To find the current size of the GL20000 you can use the sp_spaceused system stored procedure i.e.

However I’d also add that when dealing with large data volumes you also need to plan for extraordinary SQL transaction log growth as well.

For example the SQL transaction log grew to 240GB when I did this particular year end. This is because various statements including the INSERT statements into GL30000 are completed in one SQL transaction. Therefore no matter what the SQL recovery model is of your database, the log file is going to grow while the process completes. This is standard behaviour so SQL can roll the whole transaction back should any issue occur.

3) Remove any Database Mirroring or Availability Groups.

In my scenario the user has database mirroring for disaster recovery. I could have left this on however this would result in a lot of transaction log being sent over the wire while the Year End ran potentially doubling the length time it takes. I always see the amount of time something takes, as the size of the window of opportunity for something to go wrong. The quicker I could get the Year End process to go, the less chance I had of something going wrong. On the down side it does mean I had additional configuration to complete post year end, but I was fine with this.

4) Remove any custom indexes

If you have any additional custom indexes on GL20000 and GL30000 its best to remove them. Again its not a problem if you don’t remove them, however it can slow things down and also increase the amount of transaction log that SQL will produce. This is because if you are DELETEing and INSERTing data into tables the indexes also have to be updated. Therefore the less indexes you have the better. This requires additional space and also additional log to record the operations.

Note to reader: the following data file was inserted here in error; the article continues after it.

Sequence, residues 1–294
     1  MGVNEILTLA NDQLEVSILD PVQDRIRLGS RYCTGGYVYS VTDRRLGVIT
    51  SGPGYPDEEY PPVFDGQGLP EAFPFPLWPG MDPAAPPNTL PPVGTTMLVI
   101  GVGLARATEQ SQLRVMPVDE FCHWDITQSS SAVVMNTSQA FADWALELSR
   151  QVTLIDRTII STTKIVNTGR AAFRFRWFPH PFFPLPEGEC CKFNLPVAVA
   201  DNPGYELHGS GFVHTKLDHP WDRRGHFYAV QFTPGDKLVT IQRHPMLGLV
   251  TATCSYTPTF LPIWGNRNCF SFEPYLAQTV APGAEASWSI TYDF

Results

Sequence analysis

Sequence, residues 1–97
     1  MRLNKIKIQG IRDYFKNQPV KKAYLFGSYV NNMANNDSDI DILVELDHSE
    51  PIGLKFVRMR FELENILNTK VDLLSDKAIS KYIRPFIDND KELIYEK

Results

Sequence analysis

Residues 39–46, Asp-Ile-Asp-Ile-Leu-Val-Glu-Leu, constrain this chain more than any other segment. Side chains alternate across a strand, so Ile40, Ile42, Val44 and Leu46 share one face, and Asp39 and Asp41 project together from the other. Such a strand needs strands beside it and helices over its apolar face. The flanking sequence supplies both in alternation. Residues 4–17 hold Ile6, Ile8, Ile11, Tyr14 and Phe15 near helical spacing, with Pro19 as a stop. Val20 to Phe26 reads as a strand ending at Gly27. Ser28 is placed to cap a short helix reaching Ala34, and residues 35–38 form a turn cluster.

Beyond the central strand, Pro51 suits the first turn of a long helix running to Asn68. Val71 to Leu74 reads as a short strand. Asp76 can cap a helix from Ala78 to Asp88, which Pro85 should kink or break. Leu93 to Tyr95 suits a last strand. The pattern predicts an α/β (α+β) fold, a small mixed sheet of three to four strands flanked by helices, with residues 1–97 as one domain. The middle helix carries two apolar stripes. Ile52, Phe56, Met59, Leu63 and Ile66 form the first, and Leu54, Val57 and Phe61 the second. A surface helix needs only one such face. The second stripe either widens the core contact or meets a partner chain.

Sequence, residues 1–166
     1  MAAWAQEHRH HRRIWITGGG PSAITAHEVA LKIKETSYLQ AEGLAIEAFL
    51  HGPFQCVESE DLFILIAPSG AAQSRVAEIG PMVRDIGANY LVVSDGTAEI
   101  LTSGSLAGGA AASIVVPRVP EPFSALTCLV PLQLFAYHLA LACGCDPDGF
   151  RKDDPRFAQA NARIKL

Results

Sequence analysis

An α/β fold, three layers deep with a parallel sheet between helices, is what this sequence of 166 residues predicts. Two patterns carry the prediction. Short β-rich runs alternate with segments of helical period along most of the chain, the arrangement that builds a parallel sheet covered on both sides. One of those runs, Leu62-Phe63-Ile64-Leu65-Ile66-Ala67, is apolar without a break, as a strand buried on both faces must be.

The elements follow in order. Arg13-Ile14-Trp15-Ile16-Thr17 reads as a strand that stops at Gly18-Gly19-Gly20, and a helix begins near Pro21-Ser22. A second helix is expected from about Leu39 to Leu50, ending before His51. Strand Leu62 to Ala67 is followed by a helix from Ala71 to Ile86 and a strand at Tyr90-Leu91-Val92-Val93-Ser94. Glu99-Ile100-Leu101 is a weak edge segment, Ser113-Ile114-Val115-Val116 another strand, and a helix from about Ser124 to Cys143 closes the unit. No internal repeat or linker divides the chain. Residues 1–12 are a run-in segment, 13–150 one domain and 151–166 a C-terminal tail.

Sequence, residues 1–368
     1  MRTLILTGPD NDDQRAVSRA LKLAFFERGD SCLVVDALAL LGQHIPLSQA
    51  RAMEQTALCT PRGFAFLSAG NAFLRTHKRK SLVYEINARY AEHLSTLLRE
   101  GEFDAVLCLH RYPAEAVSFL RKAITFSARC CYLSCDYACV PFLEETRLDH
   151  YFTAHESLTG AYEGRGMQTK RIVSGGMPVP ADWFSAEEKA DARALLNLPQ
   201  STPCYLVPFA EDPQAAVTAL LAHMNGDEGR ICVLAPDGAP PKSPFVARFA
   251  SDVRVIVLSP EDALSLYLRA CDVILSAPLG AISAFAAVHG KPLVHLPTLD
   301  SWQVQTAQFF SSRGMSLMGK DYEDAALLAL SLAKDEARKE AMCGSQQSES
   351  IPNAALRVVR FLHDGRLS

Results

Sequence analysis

**Don’t remove any of the standard indexes though.

5) Stop the SQL Agent.

Maintenance tasks like reindex routines sometimes use the SQL agent to run. As I suspected the Year End will run for a very long time, I stopped the SQL agent to prevent this from happening. Its always best to check that critical operations won’t be affected by this though. If so just disable any SQL jobs that run maintenance on the Dynamics databases.

6) Temporarily revoke permissions for any Reporting Logins.

Ideally I’d like to set the database to single user mode while the Year End ran however as I wanted to monitor the process I didn’t want to restrict this too much. I therefore disable logins that I knew were used for reporting in case anyone sets off a large report in the middle of the year end.

7) Ensure SQL log growth on the database is set sensibly.

As I mentioned above the SQL transaction log is going to grow during this operation regardless of the recovery model. Therefore go to the properties of the SQL database and ensure the growth is set correctly, and its set in MB’s rather than a percent. I set it to grow 10GB increments for this particular year end process.

8) Use SQL monitoring scripts

I like to nosy under the hood when running most things but I especially want a sneak peak on the General Ledger Year End. My tool of choice for this is Adam Machanic’s awesome free monitoring tool sp_whoisative. This is a free script you can use to monitor activity in SQL. Using this I can pretty much see at what point the Year End was up to. i.e. INSERTing the data to GL30000 etc.

**If you didn’t know about this free script, and this is all you take away from this blog I’d be happy :). Its a really cool free tool you can use when troubleshooting all sorts of things in SQL i.e. blocking etc.

I also want to monitor my database and log growth as the process is running. If I monitor this I can predict when the log will run out of space and need to grow. I then check the disk space to ensure the growth will happen smoothly. To do this I use this script

name AS FileName, 
size/128.0 AS CurrentSizeMB, 
size/128.0 - CAST(FILEPROPERTY(name, 'SpaceUsed') AS INT)/128.0 AS FreeSpaceMB 
FROM sys.database_files; 

9) Be patient 🙂

One of the most important things is to be patient as this routine can last hours on a large data set. Its also important to never cancel the operation by manually closing GP down even if it says “Not Responding”. If it doubt you can run the sp_whoisactive stored procedure and check what’s happening on the server.

10) Once complete

After a huge sigh of relief I performed an additional backup and then started recreating the indexes, setting up the mirroring and restarting the SQL agent. I also shrank the SQL transaction log back down to a reasonable size.